The camera frames the bow of a dugout canoe plying the placid surface of the Peruvian Amazon, then cuts to eight-year-old Lidia, who is fidgeting on her
porch in the small forest village of Purus. “What does civilization mean?” she asks the camera in Spanish. “I hear people talking about ‘civilization,’
and I don’t understand.”
Thus begins an excerpt of the film Web, an in-progress documentary by director Michael Kleiman examining among other
things the developing world’s first encounters with the Internet and information technology. Lidia begins her distracted accounts of how she and her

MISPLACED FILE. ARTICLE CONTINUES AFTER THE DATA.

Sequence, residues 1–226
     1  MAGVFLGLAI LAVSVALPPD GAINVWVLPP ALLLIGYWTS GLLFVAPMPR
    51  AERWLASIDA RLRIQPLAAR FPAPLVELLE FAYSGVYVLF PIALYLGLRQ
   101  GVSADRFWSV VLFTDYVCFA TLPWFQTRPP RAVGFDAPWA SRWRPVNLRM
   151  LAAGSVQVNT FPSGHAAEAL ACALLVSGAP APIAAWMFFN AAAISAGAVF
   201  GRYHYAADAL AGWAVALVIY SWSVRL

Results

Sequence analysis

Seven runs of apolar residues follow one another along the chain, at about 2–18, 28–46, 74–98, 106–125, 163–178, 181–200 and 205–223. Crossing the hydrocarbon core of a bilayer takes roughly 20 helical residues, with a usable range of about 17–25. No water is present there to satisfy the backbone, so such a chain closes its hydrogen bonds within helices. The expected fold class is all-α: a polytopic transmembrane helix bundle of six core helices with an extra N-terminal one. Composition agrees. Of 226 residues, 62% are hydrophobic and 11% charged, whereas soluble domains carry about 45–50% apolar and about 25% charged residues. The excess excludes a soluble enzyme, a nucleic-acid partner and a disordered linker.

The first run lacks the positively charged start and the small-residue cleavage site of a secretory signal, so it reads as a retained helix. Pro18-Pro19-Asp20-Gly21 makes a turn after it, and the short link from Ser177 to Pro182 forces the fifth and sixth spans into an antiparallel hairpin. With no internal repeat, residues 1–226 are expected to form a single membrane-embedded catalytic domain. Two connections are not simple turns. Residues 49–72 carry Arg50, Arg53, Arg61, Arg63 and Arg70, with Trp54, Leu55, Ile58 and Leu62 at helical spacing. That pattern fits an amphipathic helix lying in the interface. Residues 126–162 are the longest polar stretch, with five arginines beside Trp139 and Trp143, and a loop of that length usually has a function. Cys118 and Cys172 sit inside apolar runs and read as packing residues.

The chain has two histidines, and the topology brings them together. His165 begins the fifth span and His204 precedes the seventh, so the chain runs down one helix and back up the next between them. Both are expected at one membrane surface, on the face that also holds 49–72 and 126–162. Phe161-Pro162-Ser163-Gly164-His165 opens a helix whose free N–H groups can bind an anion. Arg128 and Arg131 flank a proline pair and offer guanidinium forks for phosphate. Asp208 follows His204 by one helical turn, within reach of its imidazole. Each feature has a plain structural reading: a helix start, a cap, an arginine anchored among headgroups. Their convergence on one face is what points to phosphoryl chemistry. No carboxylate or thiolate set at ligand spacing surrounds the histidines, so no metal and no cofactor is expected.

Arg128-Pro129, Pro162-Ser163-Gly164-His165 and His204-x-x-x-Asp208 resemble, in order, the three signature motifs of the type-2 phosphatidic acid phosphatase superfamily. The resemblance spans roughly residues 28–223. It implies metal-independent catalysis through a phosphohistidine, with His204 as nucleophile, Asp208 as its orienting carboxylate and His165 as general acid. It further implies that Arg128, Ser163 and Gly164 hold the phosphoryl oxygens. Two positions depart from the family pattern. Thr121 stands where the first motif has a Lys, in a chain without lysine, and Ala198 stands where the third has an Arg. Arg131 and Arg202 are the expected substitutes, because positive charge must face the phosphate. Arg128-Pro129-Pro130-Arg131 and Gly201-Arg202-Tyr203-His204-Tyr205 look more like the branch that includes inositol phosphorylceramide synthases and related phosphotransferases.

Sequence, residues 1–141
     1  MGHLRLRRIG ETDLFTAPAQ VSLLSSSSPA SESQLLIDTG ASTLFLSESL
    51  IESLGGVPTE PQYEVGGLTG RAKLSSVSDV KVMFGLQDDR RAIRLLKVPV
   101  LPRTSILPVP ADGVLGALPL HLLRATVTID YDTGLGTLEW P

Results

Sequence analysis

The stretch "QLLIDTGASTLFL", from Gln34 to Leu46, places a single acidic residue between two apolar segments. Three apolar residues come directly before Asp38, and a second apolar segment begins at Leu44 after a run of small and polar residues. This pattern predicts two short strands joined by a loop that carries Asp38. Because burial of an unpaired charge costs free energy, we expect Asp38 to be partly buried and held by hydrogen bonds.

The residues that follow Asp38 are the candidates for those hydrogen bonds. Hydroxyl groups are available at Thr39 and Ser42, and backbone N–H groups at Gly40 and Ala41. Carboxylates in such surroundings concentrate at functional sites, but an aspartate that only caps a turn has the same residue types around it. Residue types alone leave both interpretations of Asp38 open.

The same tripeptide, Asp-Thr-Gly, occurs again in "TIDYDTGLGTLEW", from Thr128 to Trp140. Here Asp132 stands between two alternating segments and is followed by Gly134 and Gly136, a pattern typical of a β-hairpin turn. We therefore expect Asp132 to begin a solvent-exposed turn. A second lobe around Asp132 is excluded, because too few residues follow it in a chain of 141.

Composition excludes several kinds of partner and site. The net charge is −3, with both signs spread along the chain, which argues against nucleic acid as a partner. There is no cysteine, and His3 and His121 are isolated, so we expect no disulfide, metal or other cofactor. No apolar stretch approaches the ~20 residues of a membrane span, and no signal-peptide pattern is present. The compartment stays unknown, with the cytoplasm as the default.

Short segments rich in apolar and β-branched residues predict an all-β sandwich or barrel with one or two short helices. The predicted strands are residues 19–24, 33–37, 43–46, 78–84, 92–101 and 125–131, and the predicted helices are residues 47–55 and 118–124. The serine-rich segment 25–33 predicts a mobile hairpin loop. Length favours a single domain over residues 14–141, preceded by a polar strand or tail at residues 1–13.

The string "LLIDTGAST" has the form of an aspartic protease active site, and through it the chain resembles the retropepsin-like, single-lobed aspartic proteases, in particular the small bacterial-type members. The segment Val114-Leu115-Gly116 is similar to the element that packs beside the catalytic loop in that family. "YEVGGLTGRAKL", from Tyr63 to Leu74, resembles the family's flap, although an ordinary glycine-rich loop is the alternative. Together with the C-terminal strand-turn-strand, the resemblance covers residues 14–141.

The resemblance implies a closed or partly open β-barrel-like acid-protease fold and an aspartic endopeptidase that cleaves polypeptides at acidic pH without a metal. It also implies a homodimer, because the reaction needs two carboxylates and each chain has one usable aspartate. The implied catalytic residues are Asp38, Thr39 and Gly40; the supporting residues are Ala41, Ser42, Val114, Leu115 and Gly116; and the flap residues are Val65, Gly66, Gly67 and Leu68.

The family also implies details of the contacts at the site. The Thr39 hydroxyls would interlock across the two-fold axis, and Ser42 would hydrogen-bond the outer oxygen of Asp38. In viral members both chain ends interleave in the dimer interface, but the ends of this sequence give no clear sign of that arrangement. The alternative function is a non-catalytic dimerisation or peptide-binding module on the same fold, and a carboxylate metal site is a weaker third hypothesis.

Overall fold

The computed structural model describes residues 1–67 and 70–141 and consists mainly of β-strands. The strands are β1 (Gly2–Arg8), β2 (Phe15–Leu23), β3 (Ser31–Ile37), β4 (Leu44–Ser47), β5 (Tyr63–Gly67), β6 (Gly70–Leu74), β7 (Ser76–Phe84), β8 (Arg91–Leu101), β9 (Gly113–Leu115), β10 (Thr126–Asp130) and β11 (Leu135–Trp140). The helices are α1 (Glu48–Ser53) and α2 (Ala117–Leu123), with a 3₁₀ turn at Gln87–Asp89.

classmates first received laptops – as part of the One Laptop per Child initiative.
“The teacher only taught us how to turn them off and on,” she says. “When one classmate learned how to do something, they’d teach another classmate. And in this way, we all learned.” One of Lidia’s most prized finds on the laptop is Wikipedia. “Wikipedia is where there is all the information,” she says. “You can find things that you never knew in Wikipedia.”
“This video moved me deeply,” says Wikipedia founder Jimmy Wales. It’s not difficult to understand why. The footage demonstrates in pictures the power of
what Wales has been advocating for years: the distribution of a high-quality encyclopedia to people everywhere in their own language. “That’s who I
am. That’s what I am doing. That’s my life goal,” Wales has said.
Free download: The current article of SAP SPECTRUM Issue 4 | 2010.